Cliff Cunningham knows he’s done. He knows that this is his last show.
He knows that he’ll never race again.
But the emotion of Sunday night’s farewell, well, he’s trying not to dwell on it. He hasn’t even tried to take a stab at what the range of feelings might be.
Mixed, to be sure.
The development itself, however, is cut and dried. Cunningham is 65 years old – the maximum age for drivers in the GMC Rangeland Derby at the Calgary Stampede. And he doesn’t intend to follow the World Professional Chuckwagon Association circuit for the rest of the summer.
So Sunday, that’s it. He’s done.
“When that comes, I imagine it’ll be a little different,” Cunningham says during a quiet moment one morning in his barn. “But we’ll get through these first nine days first. For me, that’s how I look at it – I mean, you’ve got to kind of manage and figure out where you’re running your horses, what barrel you get and stuff.
“I just take it day by day.”
An understandable approach, given Cunningham’s recent challenges.
In 2016, cancer was discovered. So surgeons removed a chunk of his tongue, which was rebuilt with a piece of his left forearm, which then had a slice of his left leg grafted onto it. The scalpel didn’t stop there, taking out one of his saliva glands and hundreds of lymph nodes.
Cunningham emerged from the procedure humbled. “People say, ‘Oh, you’re tough. You’ll make it through,'” he said last year. “Believe me, I didn’t think I was tough – and I knew I wasn’t tough after going through that.”
But in 2017, given a clean bill of health and feeling better, the Devon, Alta., driver returned to the wagon seat, racing in the WPCA again. He also served as a demonstration driver at the Stampede.
Boosting Cunningham’s turnaround, according to his wife Wendy, had been the sport itself. “Everything we love is this,” she said a year ago. “This is what we do. This is what made him stronger.”
He’s due for another check-up this month. But his health, he says, is remarkably good.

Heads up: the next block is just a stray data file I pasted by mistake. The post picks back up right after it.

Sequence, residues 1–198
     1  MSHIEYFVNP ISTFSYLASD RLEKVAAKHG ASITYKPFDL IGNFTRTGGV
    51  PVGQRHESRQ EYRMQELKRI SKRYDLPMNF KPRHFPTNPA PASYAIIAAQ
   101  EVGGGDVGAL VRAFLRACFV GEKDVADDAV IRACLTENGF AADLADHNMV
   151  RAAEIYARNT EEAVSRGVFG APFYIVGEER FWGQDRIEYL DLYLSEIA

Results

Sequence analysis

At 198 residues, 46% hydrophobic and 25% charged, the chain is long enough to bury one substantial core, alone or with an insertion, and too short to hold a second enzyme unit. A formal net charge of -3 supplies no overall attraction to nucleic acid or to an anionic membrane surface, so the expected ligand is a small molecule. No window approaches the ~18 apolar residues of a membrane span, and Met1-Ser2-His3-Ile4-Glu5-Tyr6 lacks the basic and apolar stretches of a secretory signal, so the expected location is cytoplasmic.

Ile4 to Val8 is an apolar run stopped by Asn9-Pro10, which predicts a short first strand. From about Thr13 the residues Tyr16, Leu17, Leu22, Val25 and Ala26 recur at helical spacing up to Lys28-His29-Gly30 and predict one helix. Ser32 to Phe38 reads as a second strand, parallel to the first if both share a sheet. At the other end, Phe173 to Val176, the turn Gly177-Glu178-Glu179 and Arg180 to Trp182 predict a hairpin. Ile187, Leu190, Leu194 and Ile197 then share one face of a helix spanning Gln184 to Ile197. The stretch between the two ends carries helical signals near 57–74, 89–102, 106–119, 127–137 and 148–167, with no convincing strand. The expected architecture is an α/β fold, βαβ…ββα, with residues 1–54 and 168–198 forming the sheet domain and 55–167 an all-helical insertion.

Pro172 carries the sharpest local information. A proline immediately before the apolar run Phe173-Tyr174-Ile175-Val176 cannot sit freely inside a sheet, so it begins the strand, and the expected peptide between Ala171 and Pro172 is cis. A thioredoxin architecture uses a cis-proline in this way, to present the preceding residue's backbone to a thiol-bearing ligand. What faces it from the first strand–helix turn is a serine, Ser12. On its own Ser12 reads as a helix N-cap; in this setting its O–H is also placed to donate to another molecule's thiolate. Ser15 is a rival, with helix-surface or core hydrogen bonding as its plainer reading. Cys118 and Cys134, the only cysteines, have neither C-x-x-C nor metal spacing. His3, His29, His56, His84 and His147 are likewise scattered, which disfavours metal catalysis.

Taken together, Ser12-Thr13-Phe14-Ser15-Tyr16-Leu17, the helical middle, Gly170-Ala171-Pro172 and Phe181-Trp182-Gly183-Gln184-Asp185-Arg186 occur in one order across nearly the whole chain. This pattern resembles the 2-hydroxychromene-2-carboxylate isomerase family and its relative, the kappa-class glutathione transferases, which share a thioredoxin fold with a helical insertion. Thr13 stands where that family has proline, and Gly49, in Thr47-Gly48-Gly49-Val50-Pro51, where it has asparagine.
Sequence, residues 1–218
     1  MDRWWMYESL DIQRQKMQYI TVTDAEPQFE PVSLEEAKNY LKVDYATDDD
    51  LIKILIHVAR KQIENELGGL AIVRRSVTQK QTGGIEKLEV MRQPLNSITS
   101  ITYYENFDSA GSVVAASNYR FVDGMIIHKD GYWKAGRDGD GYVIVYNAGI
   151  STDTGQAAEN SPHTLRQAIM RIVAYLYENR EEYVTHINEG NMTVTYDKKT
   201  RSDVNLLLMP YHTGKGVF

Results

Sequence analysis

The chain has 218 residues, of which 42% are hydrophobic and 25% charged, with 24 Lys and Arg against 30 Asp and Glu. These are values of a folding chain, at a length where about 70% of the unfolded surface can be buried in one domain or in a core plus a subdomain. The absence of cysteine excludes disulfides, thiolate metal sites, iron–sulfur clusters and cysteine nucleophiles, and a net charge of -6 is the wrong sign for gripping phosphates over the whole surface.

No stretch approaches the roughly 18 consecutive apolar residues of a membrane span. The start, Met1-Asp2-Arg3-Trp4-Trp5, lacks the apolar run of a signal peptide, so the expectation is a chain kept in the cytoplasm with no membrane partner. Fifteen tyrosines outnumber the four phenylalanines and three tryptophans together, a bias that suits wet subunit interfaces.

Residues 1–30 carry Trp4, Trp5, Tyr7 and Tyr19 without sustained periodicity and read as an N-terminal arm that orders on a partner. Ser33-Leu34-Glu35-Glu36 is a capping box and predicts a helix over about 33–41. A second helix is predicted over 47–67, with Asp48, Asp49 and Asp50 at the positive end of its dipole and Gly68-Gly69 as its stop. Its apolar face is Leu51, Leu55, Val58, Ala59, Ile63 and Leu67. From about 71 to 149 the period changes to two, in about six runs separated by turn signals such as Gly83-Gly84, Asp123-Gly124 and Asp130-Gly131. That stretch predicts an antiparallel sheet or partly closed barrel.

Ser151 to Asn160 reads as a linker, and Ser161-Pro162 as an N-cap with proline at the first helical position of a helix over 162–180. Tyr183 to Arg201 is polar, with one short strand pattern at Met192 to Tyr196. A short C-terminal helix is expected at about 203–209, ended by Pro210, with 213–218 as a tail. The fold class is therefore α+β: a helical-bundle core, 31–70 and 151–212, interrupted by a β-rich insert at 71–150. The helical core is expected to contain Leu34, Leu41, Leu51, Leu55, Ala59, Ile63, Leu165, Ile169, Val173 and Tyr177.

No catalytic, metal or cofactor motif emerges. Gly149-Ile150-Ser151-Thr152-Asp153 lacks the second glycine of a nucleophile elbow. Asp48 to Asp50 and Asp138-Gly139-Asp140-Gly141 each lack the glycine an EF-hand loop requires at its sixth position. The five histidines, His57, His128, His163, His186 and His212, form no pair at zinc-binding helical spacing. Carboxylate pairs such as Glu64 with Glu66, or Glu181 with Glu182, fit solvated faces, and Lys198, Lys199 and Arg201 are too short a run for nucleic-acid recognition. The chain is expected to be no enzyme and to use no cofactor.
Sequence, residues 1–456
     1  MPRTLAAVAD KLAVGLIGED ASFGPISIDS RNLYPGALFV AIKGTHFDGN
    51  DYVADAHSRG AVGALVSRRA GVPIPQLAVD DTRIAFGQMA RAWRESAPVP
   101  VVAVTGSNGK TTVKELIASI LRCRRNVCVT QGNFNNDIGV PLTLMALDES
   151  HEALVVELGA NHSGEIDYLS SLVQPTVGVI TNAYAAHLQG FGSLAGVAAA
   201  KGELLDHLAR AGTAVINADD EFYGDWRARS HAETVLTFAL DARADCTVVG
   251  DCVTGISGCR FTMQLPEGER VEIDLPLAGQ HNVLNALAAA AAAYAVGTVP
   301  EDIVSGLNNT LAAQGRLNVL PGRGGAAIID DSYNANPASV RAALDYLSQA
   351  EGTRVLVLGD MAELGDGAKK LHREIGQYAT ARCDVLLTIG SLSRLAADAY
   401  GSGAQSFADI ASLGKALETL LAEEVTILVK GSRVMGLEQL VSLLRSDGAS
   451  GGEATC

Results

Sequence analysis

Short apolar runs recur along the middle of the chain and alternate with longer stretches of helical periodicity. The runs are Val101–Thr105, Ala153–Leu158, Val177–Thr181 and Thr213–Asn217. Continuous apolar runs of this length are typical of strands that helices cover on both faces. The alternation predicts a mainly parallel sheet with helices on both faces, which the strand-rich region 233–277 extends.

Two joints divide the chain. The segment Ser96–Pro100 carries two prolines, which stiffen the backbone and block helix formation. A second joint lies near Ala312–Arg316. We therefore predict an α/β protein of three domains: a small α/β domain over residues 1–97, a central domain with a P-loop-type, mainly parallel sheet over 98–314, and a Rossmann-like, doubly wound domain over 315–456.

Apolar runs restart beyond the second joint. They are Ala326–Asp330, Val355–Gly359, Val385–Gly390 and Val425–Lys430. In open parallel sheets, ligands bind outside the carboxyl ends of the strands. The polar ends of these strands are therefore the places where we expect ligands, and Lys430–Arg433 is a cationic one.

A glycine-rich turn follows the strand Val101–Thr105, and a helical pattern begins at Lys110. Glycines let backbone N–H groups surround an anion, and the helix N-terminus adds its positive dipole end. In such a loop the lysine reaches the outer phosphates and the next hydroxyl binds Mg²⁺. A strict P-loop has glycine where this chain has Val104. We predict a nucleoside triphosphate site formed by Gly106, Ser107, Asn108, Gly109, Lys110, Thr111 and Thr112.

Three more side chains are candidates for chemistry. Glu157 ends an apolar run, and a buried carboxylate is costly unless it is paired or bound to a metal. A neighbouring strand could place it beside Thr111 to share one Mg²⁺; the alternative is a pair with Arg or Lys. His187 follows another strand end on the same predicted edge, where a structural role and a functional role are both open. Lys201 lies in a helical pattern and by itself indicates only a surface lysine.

“Every six months, you’re supposed to go back,” says Cunningham. “The longer you go being clean – free of cancer – the better your chances are, they tell me.”
What does linger is dramatic weight loss. He used to be 215 pounds, a stocky man, but he’s now settled in at 170.
“I feel it sometimes on that wagon … sometimes you need that weight to hang on to those horses,” he says. “I’ve been OK hanging on to the horses and stuff, but it’s probably just time to do something else.”
Nevertheless, Cunningham is looking powerful enough on the track this year, slotting 14th in the WPCA standings. And here he is, back at the Stampede – participating in the nightly heats, which he loves.
“It was good to do the demo last year, but you’re by yourself,” he says. “I mean, we’re all competitive guys. We want to race and race against somebody. So I’m just happy to be here.”
This marks his third appearance at the GMC Rangeland Derby. His best aggregate finish was 21st in 2012.
“It’s a big show,” says Cunningham. “You’re just pumped to be here. Hopefully, you compete and everything goes good for you. It’s like any sport. They have the Stanley Cup, the Grey Cup – it’s the big show and that’s what the Calgary Stampede is to us wagon drivers.
“I’d run ponies for a lot of years. But when I got into the big wagons, my goal was to make Calgary.”
And, fittingly, this is where his career ends.
He’s selling out this weekend. Everything. Horses. Wagon. Liner. “Pretty much getting out of it.”
But that isn’t the same as walking away from the sport. Next year, Cunningham figures that he and Wendy will attend a few shows. Heck, he might even get into judging.
“I could do that,” he says, “but we’ll cross that bridge when we get to it.”
Because, right now, he’s focused on running against the best outfits in the land. Even if it does happen to be his swan song.
“It’ll be good,” says Cunningham, whose son Austin outrides for him. “All my kids are coming down. But it’ll definitely be different than any other one because it is my last race. But we’re going to try to hook to win – just do the same as we’ve always done. Run hard and clean, hopefully. You never know where the 10 days will get us.”
Even with his blinkers on, he acknowledges that Sunday’s final lap is going to pack a punch. He doesn’t deny that.
“It’s a little bit sad – there’s going to be a great big void in our lives that we’re going to have to fill with something else,” says Cunningham. “This takes your whole life up, so you haven’t got a chance to do much else. We’ve got a lot of grandkids and stuff like that, so there’s other things to do and we’ll find them.”